5 of the Weirdest Cars Ever Made
Modern cars tend to follow a pattern, with most models have only a few distinguishing features to set them apart. However, car manufacturers weren’t always so conservative in their designs.
In today’s article, we’ll be looking at five of the weirdest cars to ever hit the road.
The BMW Isetta was originally designed by Italian fridge manufacturers Iso Isetta before the rights to this diminutive three-wheeler was sold to BMW. The tiny bubble car has one bench seat and only has 13hp.
The car had no side door and instead, the front of the car lifted up, as did the entire dashboard, to let the driver out. The Isetta was actually remarkably popular and BMW sold 160,000 units before discontinuing the model in 1962.
The Cadillac Cyclone was designed in 1959 and looks very much like a prop from a ‘60s sci-fi tv show. This concept car took much of its design inspiration from NASA and featured a Plexiglass bubble canopy and an intercom system that allowed passengers to communicate with people outside the vehicle.
The Cyclone contained some surprisingly high-tech features, such as a radar-based crash avoidance system, an early forebearer of today’s adaptive cruise control that sent out warning lights if it detected an approaching object.
The designers of the Peel P50 looked at the BMW Isetta and thought, “we can go smaller.” Measuring just 137cm in length, the compact Peel P50 is the world’s smallest production car.
This tiny car has just one seat, like the Isetta, but pairs down the Isetta’s design even further by only including one headlight and one windscreen wiper. While only 50 of these unusual little vehicles were produced in the original run, the British manufacturers recently announced they were developing an updated version of the car with electric motors.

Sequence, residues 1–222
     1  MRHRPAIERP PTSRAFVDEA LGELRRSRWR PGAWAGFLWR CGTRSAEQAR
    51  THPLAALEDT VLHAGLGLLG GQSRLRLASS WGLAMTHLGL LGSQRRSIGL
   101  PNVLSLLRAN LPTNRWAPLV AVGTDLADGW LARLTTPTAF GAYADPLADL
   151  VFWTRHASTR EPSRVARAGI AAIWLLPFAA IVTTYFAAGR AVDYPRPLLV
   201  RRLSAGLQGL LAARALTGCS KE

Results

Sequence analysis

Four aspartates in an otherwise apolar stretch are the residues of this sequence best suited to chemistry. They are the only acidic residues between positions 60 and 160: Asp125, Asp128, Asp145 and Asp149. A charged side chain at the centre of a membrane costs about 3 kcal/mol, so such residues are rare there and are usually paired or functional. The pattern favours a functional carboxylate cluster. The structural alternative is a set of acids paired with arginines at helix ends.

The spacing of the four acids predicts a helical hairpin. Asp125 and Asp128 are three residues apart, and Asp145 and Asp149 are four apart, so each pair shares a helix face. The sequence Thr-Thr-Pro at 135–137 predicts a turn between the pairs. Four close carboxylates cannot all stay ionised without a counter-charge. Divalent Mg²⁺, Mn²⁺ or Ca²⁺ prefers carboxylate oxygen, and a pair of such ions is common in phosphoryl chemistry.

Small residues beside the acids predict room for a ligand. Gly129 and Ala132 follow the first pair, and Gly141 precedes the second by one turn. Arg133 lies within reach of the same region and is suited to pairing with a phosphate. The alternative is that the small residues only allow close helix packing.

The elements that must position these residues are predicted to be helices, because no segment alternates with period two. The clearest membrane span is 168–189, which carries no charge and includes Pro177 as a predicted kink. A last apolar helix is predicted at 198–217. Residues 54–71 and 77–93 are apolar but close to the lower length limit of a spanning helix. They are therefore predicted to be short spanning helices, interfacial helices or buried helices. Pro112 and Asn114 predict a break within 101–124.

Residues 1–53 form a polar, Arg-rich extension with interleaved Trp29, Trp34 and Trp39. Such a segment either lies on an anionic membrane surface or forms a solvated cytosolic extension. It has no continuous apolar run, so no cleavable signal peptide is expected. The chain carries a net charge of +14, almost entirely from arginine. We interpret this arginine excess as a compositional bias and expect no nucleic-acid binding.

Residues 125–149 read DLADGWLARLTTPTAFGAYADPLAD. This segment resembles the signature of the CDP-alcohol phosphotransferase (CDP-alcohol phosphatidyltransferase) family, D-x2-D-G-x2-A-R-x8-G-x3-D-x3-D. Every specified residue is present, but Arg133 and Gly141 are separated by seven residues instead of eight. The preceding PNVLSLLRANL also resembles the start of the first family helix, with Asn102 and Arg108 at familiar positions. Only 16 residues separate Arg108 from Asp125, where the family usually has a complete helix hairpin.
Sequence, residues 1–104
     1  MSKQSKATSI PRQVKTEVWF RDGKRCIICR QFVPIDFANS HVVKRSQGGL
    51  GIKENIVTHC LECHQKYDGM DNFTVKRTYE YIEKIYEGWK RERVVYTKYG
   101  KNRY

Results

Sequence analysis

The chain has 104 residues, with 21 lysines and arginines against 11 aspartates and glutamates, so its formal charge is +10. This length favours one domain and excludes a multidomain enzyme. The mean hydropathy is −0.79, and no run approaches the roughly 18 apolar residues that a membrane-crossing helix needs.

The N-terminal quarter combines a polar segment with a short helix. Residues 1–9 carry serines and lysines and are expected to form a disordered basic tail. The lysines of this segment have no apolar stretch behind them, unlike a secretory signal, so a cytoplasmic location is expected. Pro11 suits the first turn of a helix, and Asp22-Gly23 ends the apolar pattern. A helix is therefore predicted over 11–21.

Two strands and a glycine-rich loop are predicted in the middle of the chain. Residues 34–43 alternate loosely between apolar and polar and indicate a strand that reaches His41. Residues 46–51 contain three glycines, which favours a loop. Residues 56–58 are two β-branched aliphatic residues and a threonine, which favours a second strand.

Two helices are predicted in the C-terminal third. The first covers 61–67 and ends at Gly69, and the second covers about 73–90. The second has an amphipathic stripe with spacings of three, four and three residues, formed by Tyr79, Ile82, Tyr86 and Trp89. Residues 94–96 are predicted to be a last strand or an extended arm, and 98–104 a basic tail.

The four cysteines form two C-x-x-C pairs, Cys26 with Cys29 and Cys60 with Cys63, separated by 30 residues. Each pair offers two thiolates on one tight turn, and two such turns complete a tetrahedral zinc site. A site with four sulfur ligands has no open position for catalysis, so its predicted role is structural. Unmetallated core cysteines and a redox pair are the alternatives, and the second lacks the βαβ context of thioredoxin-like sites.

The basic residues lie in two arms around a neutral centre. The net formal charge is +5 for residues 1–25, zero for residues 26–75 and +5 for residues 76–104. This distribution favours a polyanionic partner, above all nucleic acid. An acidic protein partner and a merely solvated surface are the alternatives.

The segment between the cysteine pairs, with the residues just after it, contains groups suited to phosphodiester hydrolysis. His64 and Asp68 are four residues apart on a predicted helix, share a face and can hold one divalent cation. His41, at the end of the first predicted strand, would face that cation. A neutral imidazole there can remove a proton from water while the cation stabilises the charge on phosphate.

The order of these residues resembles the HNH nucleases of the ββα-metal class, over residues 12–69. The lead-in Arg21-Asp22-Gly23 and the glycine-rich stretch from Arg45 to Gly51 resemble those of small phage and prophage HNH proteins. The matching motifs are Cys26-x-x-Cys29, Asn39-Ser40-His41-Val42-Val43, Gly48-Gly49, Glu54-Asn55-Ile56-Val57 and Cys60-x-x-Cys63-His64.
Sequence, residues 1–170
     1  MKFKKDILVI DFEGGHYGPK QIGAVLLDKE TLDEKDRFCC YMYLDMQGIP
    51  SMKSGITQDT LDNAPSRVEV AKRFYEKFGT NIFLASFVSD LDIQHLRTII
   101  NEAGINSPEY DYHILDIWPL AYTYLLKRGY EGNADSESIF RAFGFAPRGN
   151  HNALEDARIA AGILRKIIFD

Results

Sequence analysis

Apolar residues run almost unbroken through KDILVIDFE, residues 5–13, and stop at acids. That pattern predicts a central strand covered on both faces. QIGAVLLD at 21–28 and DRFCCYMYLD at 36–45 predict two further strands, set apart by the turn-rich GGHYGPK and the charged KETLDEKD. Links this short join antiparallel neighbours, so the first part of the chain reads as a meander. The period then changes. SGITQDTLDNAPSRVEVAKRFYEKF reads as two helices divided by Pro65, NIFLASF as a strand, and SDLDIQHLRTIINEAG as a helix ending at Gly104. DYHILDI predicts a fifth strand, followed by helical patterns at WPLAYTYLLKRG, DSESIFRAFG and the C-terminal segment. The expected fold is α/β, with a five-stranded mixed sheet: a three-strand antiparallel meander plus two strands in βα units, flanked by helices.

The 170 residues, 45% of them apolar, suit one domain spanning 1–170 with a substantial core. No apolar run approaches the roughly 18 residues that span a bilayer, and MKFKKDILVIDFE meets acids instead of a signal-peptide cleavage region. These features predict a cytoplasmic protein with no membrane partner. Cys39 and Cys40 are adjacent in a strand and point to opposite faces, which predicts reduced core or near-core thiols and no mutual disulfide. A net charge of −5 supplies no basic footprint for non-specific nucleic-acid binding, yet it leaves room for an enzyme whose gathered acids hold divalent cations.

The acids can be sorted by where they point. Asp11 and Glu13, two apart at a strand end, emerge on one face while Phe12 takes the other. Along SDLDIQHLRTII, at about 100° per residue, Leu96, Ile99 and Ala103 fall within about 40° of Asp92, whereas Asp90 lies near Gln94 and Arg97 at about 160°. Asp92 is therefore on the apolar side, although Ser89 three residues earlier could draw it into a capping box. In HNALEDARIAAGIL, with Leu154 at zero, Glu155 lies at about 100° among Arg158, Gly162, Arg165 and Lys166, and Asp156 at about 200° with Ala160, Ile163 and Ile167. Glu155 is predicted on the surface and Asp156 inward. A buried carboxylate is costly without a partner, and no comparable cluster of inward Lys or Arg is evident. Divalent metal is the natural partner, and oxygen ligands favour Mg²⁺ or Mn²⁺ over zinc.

An early forerunner of the idea of the minivan, the Stout Scarab was powered by a Ford V-8 engine and came with a card table, wicker headliner, and six seats, so you could bring along your friends for some on the road card playing action.
While the cost of Stout Scarab was prohibitive and only nine were ever produced, the design ideas would inspire a whole new generation of minivans in the future.
When you think of gull-wing doors, you normally think of supercars or ones that can travel through time. However, in a bold move, Toyota decided to include gull-wing doors on a fairly standard hatchback coupe called the Sera.
The idea didn’t really take off and only 16,000 were made before Toyota stopped production in 1995. Since then, the Sera has become something of a collector’s item and second-hand versions now command a much higher price than they did when bought band new.
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